Changing picture for high school seniors

Fees, commissions cut for photographers

Anne Arundel

March 07, 2002|By Stephen Kiehl | Stephen Kiehl,SUN STAFF

Starting this spring, most students getting their senior portraits taken for yearbooks at county high schools won't have to pay a sitting fee if they don't buy the pictures, under changes ordered by Interim Superintendent Kenneth P. Lawson.

The fees, as high as $15 at some schools, will be eliminated for this fall's senior class at nine county high schools. The fees will continue at three high schools - Annapolis, Northeast and South River - because the schools have multiyear contracts that cannot be changed until the agreements expire in a year or two.

The change was based on the recommendations of a committee formed last fall to review some school photograph policies. Lawson also ordered that high schools have two photo contracts -one for senior portraits and one for all other school functions - instead of a single contract to cover all school activities.

And he ordered a limit of 15 percent on the commission schools can ask of photographers. Some photography companies have paid schools commissions up to 45 percent of net sales.

"The schools are going to lose a little bit of money, but in the long run we're not here to take money from the kids," said Paul Vandenberg, principal of Southern High School, who served on the photo committee.

The school system formed the committee last fall to deal with inequities in the senior portrait policies of the county's 12 high schools. Half of the schools allowed students to submit yearbook pictures shot by any photographer; the other half required students to use the school-contracted photographer.

Segall-Majestic Photography of Baltimore has contracts with 11 of the county's high schools. Annapolis High recently switched from Segall to Blanton Studios of Rockville.

The exclusivity clause for yearbook photos upset some students who were unhappy with the quality of the photographs taken by companies that had contracts with their schools. And small, local photographers said it kept business away from them.

After some of the local photographers complained, the school system changed its policy last fall and ordered all high schools to accept senior yearbook portraits from any photographer as long they met certain guidelines, such as the size of the picture and the background used.

Students said they were pleased with that policy.

"With Segall-Majestic, there were specific time slots [to be photographed], and it's not always the best," said Jill Torene, who graduated from Arundel High School last year. "You might be coming from gym or five hours of classes."

Torene said her portrait at school was taken "pretty quickly" and that she would have preferred to go elsewhere. "I wasn't too pleased with the picture," she said.

Now the rules are changing again. For photo consistency and convenience for yearbook editors, high schools will select one photographer to take all senior portraits.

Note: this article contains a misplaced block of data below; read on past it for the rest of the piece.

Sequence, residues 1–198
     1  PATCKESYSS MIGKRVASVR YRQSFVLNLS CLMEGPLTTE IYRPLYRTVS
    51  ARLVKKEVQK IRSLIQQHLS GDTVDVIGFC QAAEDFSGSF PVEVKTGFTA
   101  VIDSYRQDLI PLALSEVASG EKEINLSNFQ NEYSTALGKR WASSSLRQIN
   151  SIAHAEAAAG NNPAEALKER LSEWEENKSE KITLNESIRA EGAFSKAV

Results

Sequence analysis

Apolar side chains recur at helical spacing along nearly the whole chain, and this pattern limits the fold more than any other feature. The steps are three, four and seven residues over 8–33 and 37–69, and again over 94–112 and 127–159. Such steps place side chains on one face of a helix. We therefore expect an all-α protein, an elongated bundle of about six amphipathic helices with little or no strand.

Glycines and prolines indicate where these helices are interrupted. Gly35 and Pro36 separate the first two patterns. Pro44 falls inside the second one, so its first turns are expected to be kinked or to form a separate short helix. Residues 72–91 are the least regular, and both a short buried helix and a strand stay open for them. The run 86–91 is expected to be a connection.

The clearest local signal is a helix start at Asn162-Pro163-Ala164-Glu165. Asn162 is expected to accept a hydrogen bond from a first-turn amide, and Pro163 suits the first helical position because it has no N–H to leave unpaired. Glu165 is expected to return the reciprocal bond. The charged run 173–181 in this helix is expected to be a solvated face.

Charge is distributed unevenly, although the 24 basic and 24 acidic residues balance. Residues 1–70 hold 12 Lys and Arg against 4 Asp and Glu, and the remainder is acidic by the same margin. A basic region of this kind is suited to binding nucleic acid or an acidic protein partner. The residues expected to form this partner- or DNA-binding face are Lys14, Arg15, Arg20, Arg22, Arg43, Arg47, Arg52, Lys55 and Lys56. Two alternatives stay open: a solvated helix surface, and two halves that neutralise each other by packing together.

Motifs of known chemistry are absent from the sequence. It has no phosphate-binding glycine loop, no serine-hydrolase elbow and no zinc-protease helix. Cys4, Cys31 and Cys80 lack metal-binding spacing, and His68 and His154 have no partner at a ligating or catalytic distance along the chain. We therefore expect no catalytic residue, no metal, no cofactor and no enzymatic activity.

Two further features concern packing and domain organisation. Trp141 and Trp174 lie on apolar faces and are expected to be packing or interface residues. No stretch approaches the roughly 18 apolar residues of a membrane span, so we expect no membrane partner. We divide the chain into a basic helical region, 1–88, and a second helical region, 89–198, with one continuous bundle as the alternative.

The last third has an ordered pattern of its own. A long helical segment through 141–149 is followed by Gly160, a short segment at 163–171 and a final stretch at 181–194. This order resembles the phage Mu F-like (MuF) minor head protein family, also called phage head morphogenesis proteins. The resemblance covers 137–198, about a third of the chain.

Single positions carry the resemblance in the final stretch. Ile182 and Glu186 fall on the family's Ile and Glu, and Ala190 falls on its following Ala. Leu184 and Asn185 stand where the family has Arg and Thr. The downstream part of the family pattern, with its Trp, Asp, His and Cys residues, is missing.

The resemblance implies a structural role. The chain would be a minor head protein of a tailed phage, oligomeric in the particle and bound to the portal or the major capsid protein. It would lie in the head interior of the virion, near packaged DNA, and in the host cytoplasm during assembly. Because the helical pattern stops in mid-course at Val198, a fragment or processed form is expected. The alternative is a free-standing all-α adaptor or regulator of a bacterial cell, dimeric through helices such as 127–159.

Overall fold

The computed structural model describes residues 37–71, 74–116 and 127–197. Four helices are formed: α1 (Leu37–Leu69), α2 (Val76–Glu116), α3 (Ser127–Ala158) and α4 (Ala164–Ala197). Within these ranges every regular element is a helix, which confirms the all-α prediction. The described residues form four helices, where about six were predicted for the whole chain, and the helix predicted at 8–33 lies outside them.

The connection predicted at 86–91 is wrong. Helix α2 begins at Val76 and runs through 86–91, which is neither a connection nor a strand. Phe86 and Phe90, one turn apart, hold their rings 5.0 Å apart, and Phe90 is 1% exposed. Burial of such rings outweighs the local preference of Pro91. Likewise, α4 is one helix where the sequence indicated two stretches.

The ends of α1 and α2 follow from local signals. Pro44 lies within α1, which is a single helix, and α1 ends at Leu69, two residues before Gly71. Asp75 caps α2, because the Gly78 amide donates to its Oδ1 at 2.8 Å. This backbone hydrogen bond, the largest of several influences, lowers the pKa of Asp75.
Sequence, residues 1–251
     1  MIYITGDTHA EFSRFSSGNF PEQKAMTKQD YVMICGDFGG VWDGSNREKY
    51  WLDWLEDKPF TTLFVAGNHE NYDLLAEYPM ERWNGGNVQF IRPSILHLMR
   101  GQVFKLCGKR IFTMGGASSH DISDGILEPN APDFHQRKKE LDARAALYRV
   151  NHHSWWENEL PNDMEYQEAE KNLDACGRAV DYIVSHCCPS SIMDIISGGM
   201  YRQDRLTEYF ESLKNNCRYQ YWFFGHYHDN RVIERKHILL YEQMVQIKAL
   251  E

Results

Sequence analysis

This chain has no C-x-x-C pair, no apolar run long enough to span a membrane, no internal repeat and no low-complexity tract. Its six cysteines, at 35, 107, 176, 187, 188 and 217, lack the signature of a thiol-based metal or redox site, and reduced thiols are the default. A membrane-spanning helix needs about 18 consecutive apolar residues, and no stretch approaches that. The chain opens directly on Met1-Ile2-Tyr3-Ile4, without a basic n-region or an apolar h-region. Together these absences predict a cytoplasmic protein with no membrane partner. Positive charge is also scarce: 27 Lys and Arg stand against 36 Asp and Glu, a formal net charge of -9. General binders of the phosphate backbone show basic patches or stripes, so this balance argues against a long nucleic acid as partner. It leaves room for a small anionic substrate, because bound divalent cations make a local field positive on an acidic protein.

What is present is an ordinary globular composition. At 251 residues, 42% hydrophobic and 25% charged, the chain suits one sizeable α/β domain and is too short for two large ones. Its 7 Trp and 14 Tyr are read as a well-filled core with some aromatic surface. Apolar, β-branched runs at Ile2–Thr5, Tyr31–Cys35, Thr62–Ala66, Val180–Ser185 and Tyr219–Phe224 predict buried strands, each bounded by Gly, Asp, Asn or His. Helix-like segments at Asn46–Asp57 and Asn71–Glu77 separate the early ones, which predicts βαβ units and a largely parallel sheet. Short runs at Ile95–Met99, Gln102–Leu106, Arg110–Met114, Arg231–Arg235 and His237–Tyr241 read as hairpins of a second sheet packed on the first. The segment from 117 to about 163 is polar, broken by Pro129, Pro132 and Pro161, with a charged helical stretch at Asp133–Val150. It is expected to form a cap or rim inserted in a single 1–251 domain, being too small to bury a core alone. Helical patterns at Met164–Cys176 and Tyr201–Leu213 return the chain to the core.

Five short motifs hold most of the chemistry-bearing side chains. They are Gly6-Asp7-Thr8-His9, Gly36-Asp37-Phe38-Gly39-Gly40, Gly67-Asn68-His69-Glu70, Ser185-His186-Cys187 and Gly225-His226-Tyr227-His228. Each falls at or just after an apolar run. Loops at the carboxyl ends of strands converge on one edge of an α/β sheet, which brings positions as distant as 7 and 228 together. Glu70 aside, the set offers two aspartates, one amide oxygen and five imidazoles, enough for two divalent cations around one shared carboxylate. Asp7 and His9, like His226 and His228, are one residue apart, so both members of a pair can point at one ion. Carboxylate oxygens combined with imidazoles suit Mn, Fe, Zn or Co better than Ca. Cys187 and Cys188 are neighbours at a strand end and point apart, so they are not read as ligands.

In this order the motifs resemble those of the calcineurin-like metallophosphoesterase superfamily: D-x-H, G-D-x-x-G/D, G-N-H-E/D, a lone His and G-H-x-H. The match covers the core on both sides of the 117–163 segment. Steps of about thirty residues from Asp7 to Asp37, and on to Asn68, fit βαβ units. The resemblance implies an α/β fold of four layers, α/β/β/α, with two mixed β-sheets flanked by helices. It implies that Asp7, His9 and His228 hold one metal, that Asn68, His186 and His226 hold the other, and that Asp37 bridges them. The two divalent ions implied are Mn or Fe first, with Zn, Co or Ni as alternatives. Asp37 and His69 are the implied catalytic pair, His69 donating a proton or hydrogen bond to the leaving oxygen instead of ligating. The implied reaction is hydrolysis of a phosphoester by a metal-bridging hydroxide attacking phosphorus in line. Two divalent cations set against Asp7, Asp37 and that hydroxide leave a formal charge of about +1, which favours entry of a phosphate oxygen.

That photographer will take at least four pictures of each senior, who will choose the one he or she wants to appear in the yearbook. Seniors who don't want to buy pictures from that photographer will pay nothing.

Students who want to purchase pictures from the school photographer may be charged a sitting fee in addition to the cost of the pictures.

School principals said the new policy means poor families won't have to pay a sitting fee for their children to appear in the yearbook.

"A lot of kids can't afford the portraits at all," Vandenberg said. "This gives students more options."

Jeffrey Segall, the Baltimore territory manager for Segall-Majestic, said eliminating the sitting fee will shift that cost to students who buy pictures and must pay sitting fees. His said his company has a long-standing policy of waiving the fees for poor students if asked to by a school administrator.

"It's one thing if students can't afford the sitting fee," Segall said. "But there's a cost associated with it, and it's being underwritten by the kids who are paying for their sitting."

Severna Park photographer David Hare, who complained to the school system about its photo policies last year, said the changes will make it easier for small photographers to break into the lucrative school photo business.

"It looks like they're dividing up the pie," Hare said. "This bid is only for senior portraits, but there's still proms and dances and ... photos" for other classes.

Segall said the changes could complicate life for schools that have different companies taking pictures for seniors and for students in lower grades. He said that when his company takes all the pictures at a school, the school receives a compact disc with the images of all students for its records.

The changes could also mean that schools get less services from Segall-Majestic, Segall said. His company often provides schools with cameras, flashes and supplies needed to produce yearbooks.

"We're sending photographers out to cover a lot of different events throughout the school year," he said, "and it's based on generating revenue from senior portraits and the ... picture program" for other students.

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